Starlight Lost


Routine day over, feet up in front of mindless television and a relaxing cup of tea. Nothing life changing about that, she thought as she hung her nurse’s coat at the end of the row of empty pegs. Changing her life was something she could well do with but, at the same time, something she couldn’t bear to contemplate tonight. In fact, the prospect of a quiet evening at home made her sigh inwardly and smile, as if she’d just settled into a hot bath full of bubbles for the first time. But first there were routine checks to be made. She stared at the closed door at the end of the corridor and the trepidation slowly rising in her gut swilled away any thoughts of contentment. It would take only a few moments to cross her living room floor to the kitchen and seconds to check that the door to the outside was locked. But until she could be sure, she couldn’t relax. Nerves jangling and heartbeat rising, Jean Douglas opened her living room door – and threw her hands to the sides of her head.


He was comatose on his back, his eyes staring through their liquid glaze to whatever it was he saw beyond her. A dirty spoon and saucer, a ripped-open plastic bag and a cigarette lighter – scattered among the discarded garments to either side. The leather belt he used as a tourniquet hung loose around his upper arm and, on his emaciated lower arm, a hypodermic needle dangled from one of his barely visible veins. Jean started sobbing. She’d seen it all before, but it was usually outside in the shed or in the yard, not in her living room, for God’s sake. Deep down, she always knew it would come to this one day. But that didn’t prevent the shock and the anger that came with it. Inside her home – her precious home. She had to scream.

‘You bastard! You lousy, useless smack-head! How could you do this in my house?’ Snorting with anger, she bent down hands on knees and snarled into his ear, ‘You and that sister of yours don’t pay a single penny for the privilege of living here. You even have me borrowing from the bank to pay your court fines and keep you in those stinking rags you wear. And God knows what you’re doing with the food in my cupboards. You’re not eating it, that’s for sure. Do you hear me?’

But Robert wasn’t listening. She could tell he was incapable of that. And even if he heard her ranting, what would he care? Jean was already weary from her long day at work. Now, exhausted from her futile tirade, she sank to her knees and looked at the debris surrounding her. Robert’s head rolled to one side. Powerless to do anything, she could only watch as bright yellow bile oozed from his open mouth and pooled on the carpet. Numb with despair, her head dropped into her hands. Can’t go on any more. But she had to keep going, she told herself. What else could she do? I still love him. Resigning herself yet again to her thankless task as a mother, she did what she always did – at least this time there was no need to haul his limp and withered body back into the house. She carefully removed the needle from his arm and summoned up the strength to lift her nineteen-year-old son on to the settee. She sniffed as she wiped away the tears of agony with the back of her hand, picked up the spoon and lighter and began her ritual clear-up once again.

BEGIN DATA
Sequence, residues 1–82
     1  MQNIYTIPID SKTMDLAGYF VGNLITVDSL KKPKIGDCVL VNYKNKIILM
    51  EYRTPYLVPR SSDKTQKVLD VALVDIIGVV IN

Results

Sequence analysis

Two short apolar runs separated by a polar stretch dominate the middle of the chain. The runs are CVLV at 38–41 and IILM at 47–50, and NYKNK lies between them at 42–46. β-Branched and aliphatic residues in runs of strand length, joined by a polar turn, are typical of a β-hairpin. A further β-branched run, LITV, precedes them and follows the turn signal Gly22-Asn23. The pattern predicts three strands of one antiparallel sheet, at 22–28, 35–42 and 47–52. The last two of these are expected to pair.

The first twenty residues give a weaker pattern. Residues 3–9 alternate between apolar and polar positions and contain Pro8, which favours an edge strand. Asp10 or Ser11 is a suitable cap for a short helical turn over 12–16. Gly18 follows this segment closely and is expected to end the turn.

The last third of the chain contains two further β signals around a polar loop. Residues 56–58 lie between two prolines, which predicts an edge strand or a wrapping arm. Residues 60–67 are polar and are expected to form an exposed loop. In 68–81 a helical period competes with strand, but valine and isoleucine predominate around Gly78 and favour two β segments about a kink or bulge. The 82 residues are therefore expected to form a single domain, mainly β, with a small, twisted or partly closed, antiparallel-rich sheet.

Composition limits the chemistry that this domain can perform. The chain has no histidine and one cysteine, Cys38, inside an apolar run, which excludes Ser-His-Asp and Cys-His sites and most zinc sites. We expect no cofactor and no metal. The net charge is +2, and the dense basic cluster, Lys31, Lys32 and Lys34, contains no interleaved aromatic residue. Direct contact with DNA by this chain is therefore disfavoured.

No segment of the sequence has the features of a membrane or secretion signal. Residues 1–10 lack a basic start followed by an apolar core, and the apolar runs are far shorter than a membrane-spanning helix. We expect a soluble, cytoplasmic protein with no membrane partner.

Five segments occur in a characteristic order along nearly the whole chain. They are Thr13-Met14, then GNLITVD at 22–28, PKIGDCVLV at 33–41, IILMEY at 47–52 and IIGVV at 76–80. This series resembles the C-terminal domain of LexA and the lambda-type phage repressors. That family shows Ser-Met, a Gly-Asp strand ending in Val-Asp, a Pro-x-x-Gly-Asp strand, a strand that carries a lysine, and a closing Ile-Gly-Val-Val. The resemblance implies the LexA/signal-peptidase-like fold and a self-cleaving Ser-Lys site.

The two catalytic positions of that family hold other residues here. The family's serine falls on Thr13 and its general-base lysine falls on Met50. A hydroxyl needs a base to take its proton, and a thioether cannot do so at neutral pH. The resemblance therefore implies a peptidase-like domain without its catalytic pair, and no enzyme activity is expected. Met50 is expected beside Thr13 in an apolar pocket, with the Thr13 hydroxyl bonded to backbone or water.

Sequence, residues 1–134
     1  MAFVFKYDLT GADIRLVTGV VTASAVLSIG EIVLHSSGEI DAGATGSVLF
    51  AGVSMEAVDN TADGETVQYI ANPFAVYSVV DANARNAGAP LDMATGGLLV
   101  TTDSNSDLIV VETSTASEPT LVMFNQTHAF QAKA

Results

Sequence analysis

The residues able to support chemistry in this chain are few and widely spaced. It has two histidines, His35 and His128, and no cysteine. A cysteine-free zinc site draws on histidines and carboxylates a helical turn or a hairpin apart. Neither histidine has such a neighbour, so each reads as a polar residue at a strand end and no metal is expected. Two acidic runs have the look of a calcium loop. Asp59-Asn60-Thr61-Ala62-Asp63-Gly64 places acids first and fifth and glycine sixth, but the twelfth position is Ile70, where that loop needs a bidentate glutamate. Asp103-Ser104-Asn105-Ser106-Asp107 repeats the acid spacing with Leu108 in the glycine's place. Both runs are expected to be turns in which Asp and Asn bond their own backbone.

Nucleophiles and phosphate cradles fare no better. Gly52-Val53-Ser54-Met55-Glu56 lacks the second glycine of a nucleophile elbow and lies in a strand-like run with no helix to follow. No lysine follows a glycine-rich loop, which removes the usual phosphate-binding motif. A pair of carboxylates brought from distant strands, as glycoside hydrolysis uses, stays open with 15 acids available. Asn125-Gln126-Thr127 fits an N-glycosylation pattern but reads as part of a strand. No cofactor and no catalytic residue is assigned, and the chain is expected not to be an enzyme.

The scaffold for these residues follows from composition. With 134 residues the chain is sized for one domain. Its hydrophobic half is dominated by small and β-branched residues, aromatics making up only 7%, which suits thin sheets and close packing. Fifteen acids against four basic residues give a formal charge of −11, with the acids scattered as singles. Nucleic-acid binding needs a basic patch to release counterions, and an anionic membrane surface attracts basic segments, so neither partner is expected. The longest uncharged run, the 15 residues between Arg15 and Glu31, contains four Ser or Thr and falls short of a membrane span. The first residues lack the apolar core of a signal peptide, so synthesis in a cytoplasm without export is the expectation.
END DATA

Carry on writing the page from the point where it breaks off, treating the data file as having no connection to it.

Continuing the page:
Jean hadn’t seen Robert for three days. Nothing unusual about that and there was little point in worrying. They say that drug addicts possess a natural ability for survival; they always know where they can find shelter among other users – another fix if they’re lucky. Robert had even apologised before he left, said he wouldn’t fix at home again if he could keep his house key. She couldn’t trust him, of course. But this evening she had a reassuring feeling inside that she was returning home to an empty and peaceful house. She closed the front door behind her and removed her coat. What was that clunking noise? She stood still and listened. There it is again. It was coming from upstairs. Oh God, he’s in the bedroom. She threw her coat to the floor and scurried up the stairs two at a time. This is the last time. He’s getting no more chances. She burst through the bedroom door and stopped dead.

‘Mary! What are you doing?’

Her daughter – in bed with a stranger? And what a filthy mess. The stench of stale alcohol and sour body odour made her want to vomit. She covered her mouth and nose as the scruffy middle-aged man threw back the sheets to reveal his nakedness and brazenly walked towards her. He smiled at her, displaying his uneven black teeth as if proud of them. ‘You all right, love?’ he said, showing no shame as he stepped into his urine-stained Y-fronts.

Jean turned towards Mary in bewilderment. Why? she tried to say, but the pointless question wouldn’t leave her mouth. Mary reached across to the bedside table for her cigarettes and lighter, eased herself up on the pillow and lit a cigarette. Her daughter’s breasts, reddened with scratches from the pawing they’d no doubt just received, the filthy assailant who was responsible perched at the foot of the bed and nonchalantly pulling on his socks – it was all too much.

‘You dirty slut! My bed, my bedroom. You didn’t even have the decency to use your own.’

‘My own bed wasn’t big enough, Ma,’ Mary said, as if deliberately goading her mother. ‘But don’t worry, I’ve left you some money over there on your dresser. My minder doesn’t know about this one.’